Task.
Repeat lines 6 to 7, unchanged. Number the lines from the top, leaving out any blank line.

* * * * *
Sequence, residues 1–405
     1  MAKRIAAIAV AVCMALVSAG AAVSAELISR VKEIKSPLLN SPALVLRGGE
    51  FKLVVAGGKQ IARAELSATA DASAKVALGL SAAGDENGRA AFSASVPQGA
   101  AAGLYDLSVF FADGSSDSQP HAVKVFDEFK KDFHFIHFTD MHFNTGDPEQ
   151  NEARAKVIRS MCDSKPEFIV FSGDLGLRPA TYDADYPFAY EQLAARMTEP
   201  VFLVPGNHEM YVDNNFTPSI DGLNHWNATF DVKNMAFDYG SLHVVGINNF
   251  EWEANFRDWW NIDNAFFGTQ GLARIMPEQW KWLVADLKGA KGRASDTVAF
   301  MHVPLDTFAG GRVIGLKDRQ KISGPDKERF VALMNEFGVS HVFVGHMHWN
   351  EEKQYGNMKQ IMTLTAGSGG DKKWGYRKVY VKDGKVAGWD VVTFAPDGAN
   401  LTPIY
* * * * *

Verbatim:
   201  VFLVPGNHEM YVDNNFTPSI DGLNHWNATF DVKNMAFDYG SLHVVGINNF
   251  EWEANFRDWW NIDNAFFGTQ GLARIMPEQW KWLVADLKGA KGRASDTVAF